An "Argument" is a piece of data that must be given in order for a process to be done. For example, we must state the exact food items that we want when we order at a restaurant. A "Return Value" is when something is given in response to an instruction.

There are four types of Functions:

1. Take In Arguments and Return A Value
2. Take In Arguments but Do Not Return A Value
3. Do Not Take In Arguments but Return A Value
4. Do Not Take In Arguments and Do Not Return A Value


"Import Statements" can be used to bring in code that other people have already written to save time. These pieces of code are usually organized by theme into "Libraries". Whenever we import, we have to specify the Library, the "Package" inside of the Library that we need, and what "Class" from the Package that we are using.

We should try to be specific and not import an entire Library unless we have to. It takes up more computing power to do so.


"Recursion" is when a Function calls itself repeatedly. It can make some tasks easier to code.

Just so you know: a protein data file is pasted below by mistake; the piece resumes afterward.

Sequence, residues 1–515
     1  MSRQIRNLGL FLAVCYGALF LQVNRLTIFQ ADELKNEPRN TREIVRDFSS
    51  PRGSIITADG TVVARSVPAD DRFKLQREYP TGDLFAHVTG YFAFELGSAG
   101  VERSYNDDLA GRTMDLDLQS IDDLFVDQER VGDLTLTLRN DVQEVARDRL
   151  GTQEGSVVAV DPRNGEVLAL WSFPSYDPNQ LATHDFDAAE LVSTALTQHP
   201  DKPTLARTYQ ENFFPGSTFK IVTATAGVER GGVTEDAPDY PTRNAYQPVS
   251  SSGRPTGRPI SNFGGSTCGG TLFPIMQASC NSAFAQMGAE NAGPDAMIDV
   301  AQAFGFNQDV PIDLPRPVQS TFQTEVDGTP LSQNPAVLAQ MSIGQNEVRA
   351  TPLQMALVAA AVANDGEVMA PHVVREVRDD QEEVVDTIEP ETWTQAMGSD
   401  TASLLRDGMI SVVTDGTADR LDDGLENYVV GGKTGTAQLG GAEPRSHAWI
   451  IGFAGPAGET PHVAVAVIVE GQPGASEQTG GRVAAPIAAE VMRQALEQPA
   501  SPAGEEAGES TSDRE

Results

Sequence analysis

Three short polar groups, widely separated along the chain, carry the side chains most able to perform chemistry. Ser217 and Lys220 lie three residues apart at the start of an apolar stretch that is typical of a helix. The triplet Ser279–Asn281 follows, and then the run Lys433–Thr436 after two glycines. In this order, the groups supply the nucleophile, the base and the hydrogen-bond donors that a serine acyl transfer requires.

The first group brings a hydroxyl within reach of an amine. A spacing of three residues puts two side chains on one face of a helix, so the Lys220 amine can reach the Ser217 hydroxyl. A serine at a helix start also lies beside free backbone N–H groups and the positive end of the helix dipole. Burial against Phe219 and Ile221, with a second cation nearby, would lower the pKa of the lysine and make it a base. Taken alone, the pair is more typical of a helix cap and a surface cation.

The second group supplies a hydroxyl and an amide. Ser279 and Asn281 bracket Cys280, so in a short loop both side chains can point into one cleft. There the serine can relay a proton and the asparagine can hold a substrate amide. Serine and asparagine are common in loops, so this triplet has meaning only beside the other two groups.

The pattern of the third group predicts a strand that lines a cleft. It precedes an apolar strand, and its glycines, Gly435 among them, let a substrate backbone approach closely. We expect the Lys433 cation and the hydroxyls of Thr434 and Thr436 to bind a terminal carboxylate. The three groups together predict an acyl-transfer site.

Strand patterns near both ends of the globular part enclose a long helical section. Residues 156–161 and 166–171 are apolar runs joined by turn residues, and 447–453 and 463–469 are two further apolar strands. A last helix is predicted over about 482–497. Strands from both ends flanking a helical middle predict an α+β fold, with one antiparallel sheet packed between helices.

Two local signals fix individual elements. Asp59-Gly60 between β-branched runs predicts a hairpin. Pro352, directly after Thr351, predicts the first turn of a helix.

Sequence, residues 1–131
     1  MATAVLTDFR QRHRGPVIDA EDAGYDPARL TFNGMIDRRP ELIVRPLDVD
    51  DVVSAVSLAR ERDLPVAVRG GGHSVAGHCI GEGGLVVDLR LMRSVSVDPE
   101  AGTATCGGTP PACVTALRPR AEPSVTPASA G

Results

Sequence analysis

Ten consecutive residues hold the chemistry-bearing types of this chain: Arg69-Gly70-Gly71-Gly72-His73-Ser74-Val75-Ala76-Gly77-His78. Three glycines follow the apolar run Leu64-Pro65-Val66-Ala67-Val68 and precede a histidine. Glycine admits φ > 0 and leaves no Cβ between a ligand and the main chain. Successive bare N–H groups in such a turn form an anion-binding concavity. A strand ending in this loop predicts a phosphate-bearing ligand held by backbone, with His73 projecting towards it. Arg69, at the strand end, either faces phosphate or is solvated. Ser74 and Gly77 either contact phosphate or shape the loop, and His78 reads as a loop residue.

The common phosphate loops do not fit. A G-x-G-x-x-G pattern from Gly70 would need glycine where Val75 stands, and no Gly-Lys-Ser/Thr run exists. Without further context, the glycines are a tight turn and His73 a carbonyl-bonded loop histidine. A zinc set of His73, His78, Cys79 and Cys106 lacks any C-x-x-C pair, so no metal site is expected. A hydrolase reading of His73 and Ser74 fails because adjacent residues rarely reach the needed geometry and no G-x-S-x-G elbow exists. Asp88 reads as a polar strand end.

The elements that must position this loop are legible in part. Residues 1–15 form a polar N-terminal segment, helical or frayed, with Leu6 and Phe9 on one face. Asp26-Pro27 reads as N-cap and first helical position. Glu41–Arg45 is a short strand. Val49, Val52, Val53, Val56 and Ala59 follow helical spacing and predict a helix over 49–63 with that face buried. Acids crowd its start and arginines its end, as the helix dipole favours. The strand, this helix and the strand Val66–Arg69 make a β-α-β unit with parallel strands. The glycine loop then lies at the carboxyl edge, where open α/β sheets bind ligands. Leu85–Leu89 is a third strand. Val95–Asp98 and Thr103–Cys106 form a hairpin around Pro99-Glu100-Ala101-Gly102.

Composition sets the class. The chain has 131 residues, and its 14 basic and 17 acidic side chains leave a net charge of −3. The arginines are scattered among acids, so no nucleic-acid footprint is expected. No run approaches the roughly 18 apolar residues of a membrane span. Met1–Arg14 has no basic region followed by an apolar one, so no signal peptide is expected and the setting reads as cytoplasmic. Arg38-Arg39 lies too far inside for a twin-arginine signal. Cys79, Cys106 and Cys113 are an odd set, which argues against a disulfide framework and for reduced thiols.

A "Stack" is a Data Structure that contains all of the tasks your program will complete. It is called a Stack, because if another process is started before another is completed, it is "stacked" on top of the previous one (Last In, First Out).

A "Stack Overflow" is when processes are continually added to the stack without any of them ever being completed. It is a type of Infinite Loop.

Search Algorithms

"Search Algorithms" are ways to look through a Data Structure to find some particular piece of data.

"Sorted Lists" have values that are ranked. "Unsorted Lists" have no pattern. Some Search Algorithms may work for one, the other, or both. A couple of examples...

Linear Search

A Linear Search starts at the beginning of a list and goes through each data point in order until it finds what we are looking for. The worst case scenario is that what we are looking for is the last thing on the list. On average, we would find what we are searching for halfway through the list. It is slow, but it works on both Sorted and Unsorted Lists.